By Andy Sambidge
Oil price stability unlikely in short-term until political uncertainty ends in the MENA region
Political uncertainty in the Middle East and North Africa is likely to continue to create a volatile oil market for at least the short-term, Deloitte has said in its global economic outlook for the second quarter of the year.
Its economists said the uprisings in the region, coupled with the Japanese earthquake and tsunami, had "cast a shadow over the global economy" during the first quarter of 2011.
In the short run, the political environment in the Middle East is likely to remain fragile, according to the report.
"Oil prices may continue on a volatile path until the political climate stabilises. Given the influence of the region on the global economic recovery, developments in the Middle East and North Africa will be monitored closely by the rest of the world," Deloitte added.
The report said the events in the MENA region had prompted a renewed focus on rising energy costs and higher food prices.
The repercussions will likely shift the global economic landscape in the near term, it added.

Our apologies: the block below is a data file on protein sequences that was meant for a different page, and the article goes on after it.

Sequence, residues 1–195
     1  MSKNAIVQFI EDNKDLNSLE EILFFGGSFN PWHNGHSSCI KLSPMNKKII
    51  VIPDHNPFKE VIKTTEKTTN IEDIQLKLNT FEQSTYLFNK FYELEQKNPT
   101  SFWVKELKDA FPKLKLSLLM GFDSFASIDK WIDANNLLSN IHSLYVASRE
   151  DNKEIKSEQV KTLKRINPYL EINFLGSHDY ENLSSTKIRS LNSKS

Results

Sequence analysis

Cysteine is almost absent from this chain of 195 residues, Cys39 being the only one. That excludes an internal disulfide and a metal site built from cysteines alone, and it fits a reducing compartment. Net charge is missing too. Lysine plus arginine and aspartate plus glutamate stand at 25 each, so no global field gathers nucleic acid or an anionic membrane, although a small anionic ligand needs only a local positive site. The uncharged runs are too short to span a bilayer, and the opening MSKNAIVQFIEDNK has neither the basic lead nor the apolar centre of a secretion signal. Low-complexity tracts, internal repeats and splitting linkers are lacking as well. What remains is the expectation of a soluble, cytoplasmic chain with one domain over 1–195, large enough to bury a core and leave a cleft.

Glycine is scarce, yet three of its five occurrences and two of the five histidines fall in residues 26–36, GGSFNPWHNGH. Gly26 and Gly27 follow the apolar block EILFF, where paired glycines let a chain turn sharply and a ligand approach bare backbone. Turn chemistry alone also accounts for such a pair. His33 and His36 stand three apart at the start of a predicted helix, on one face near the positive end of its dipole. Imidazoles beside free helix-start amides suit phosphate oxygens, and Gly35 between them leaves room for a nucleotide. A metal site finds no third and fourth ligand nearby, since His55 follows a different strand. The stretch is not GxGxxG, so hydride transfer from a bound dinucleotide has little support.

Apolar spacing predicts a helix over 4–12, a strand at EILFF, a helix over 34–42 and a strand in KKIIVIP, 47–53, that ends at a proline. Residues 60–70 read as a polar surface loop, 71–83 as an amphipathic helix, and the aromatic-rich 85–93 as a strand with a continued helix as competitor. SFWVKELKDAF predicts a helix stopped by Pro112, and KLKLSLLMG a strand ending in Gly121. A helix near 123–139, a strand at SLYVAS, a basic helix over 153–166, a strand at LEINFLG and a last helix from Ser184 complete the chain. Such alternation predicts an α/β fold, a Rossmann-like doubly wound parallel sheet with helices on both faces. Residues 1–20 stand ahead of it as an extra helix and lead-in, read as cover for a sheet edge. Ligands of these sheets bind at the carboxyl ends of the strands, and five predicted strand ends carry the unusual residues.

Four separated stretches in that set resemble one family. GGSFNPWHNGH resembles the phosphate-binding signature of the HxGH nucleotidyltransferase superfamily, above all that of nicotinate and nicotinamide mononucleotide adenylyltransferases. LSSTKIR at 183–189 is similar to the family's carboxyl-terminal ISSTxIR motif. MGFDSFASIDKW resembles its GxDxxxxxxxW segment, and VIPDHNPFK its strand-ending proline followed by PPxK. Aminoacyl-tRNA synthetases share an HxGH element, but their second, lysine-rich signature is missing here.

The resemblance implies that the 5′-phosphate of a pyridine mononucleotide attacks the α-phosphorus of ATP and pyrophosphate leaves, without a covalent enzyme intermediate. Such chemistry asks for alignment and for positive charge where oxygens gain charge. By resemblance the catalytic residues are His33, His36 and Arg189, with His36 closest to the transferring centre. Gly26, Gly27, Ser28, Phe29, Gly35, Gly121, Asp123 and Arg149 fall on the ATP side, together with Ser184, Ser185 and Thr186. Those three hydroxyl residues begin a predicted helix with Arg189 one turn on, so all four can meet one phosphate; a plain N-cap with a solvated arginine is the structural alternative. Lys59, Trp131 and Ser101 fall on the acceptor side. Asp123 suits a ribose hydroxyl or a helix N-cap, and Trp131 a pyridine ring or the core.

"Since our last quarterly outlook, the world has been awash with unexpected events," said Ira Kalish, director of global economics, Deloitte Research. "
In this case, political events in the Middle East and the ruinous earthquake and tsunami in Japan have cast a shadow over the global economy."
The global report also said the outlook on the United States economy was optimistic, while the outlook for India and Brazil remained healthy.
Deloitte said that in China, rising oil prices and changing demographics would lead the economy to expand at "a more sustainable pace".
This year, the global economy has witnessed unreprecedented setback and it is only a matter of time before its full impacts would began to manifest.
Nature in its unquestionable wisdom has decided to feed nations with cocktail of surprises ranging from devastating earth quakes in Japan to needless war in Africa, and of recent, destructive phenomenon in America.
The combination of these deadly happenings is a perfect recipe to slow down even the best economies in the world. The marginal growth recorded by the â€œCRIBS" countries obviously would not be sufficient to off-set plethora of losses suffered by other regions.
As if these challenges are not enough, we just learnt that the Japaneseâ€™s economy has officially entered into recession further casting doubt on already terrible outlook.
Truly, the world economy is worse off only purposeful and synergetic approach by leading and developing economies could reverse these setbacks albeit at huge sacrifice.